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Letters to the Editor: We’ve seen enough. Declare Father Greg Boyle a saint now

A younger man in graduation attire hugs an older man with a white beard wearing a shirt with the Homeboy logo.
Jessi Fernandez, a onetime Homeboy Industries employee, hugs Father Greg Boyle before a celebration in Los Angeles on June 22.
(Genaro Molina / Los Angeles Times)
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To the editor: Even as a practicing Catholic, I don’t understand all of the ins-and-outs necessary to be canonized a saint of the church. I am aware that after a candidate’s death, at least two miracles need to be performed based on prayers to the individual.

Times reporter James Rainey’s extraordinary recounting of the life journey of Jessi Fernandez aptly demonstrates that the more important miracles are made during a saint’s lifetime. Father Greg Boyle performs miracles daily with his Homeboy ministries and his commitment to second, third and fourth chances.

Forget the dying part. Boyle deserves saintly proclamation now.

Kirk G. Willison, Vienna, Va.

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To the editor: Any article about Homeboy and Boyle, who attended the same high school I did, attracts my attention. This one especially caught my eye since my maternal grandfather shared the same name as the protagonist — Jesus Fernandez.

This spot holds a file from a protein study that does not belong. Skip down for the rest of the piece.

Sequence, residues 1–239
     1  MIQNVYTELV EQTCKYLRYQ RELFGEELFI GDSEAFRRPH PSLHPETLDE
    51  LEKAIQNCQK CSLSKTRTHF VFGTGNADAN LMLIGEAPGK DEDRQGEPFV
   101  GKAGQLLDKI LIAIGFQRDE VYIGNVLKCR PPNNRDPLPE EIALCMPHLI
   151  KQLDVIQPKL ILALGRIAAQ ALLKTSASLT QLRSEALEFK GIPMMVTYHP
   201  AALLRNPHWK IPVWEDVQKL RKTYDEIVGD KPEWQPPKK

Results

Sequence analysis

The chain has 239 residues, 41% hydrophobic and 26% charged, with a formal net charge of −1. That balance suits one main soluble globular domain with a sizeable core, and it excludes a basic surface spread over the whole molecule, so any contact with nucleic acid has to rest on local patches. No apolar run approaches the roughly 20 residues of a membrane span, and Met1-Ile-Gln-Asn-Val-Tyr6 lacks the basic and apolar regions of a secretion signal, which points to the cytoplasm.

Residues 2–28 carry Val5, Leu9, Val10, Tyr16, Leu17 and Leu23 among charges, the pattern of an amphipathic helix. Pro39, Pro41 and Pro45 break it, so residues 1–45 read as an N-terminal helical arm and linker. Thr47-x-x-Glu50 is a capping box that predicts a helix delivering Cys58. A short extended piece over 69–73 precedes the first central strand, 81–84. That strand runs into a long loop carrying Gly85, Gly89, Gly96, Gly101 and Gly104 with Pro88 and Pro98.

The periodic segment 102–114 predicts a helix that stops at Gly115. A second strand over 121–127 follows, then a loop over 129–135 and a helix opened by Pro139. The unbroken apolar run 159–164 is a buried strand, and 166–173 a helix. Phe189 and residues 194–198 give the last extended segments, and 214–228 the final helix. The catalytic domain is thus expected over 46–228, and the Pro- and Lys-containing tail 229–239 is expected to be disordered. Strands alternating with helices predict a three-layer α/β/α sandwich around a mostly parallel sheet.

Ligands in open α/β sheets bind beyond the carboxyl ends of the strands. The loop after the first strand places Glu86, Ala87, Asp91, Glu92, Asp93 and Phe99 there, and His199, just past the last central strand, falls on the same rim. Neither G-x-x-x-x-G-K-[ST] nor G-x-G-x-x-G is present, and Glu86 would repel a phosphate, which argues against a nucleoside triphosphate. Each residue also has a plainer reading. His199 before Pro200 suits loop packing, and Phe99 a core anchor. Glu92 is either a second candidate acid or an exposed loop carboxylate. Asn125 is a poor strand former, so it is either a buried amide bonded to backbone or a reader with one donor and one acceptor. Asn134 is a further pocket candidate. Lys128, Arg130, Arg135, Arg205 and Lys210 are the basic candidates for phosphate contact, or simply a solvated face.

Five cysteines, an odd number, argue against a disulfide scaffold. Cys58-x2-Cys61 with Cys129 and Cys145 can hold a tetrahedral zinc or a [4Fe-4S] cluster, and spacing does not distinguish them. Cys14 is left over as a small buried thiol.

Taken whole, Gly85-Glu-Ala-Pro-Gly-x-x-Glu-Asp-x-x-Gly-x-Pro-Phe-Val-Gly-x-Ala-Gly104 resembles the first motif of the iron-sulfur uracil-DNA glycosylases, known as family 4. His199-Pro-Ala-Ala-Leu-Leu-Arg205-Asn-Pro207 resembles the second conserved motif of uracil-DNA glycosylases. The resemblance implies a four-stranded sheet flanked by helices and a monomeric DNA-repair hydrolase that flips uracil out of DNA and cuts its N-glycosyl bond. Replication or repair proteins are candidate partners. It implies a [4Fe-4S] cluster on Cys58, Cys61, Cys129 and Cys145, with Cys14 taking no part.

Kudos to Jessi, as he is called, for his formidable achievement of graduating from UC Berkeley.

The article points out the important fact that no achievement is accomplished alone. Boyle’s encouragement and the support from mentors and teachers along the way kept Jessi going when he wanted to give up and maybe return to his old gang ways.

My work for the last 28 years has been to provide volunteer adult mentors to youth, many of whom come from the same background as Jessi. I have tritely said that our mentoring program is aimed at keeping youth out of the Homeboy program.

The need for volunteer adult mentors, especially men, is great. We have hundreds of young people, especially boys, on our waiting lists waiting for a mentor. Our hope is to pair underserved youth with a trained, caring adult to help them achieve their potential just as Jessi has.

Ken Martinet, Los Angeles

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The writer is president and chief executive of Catholic Big Brothers and Big Sisters of Los Angeles County.

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To the editor: Thank you so much for publishing two inspiring stories in Sunday’s print edition — that of Jessi Fernandez graduating from UC Berkeley, and, “She fantasized about torturing her daughter’s killer. Instead, she helped him.”

Rehabilitation is far more effective than punishment, as evidenced by the successes of Boyle and Homeboy Industries. And, Jill Harrison is a hero to even contemplate forgiving her daughter’s killer. But, I am reminded that when we forgive others, it’s like taking a weight off our own shoulders.

I would love to see a regular column dedicated to people turning their lives around and to those who support this transformation.

Nancy Shriver Dyer, Granada Hills

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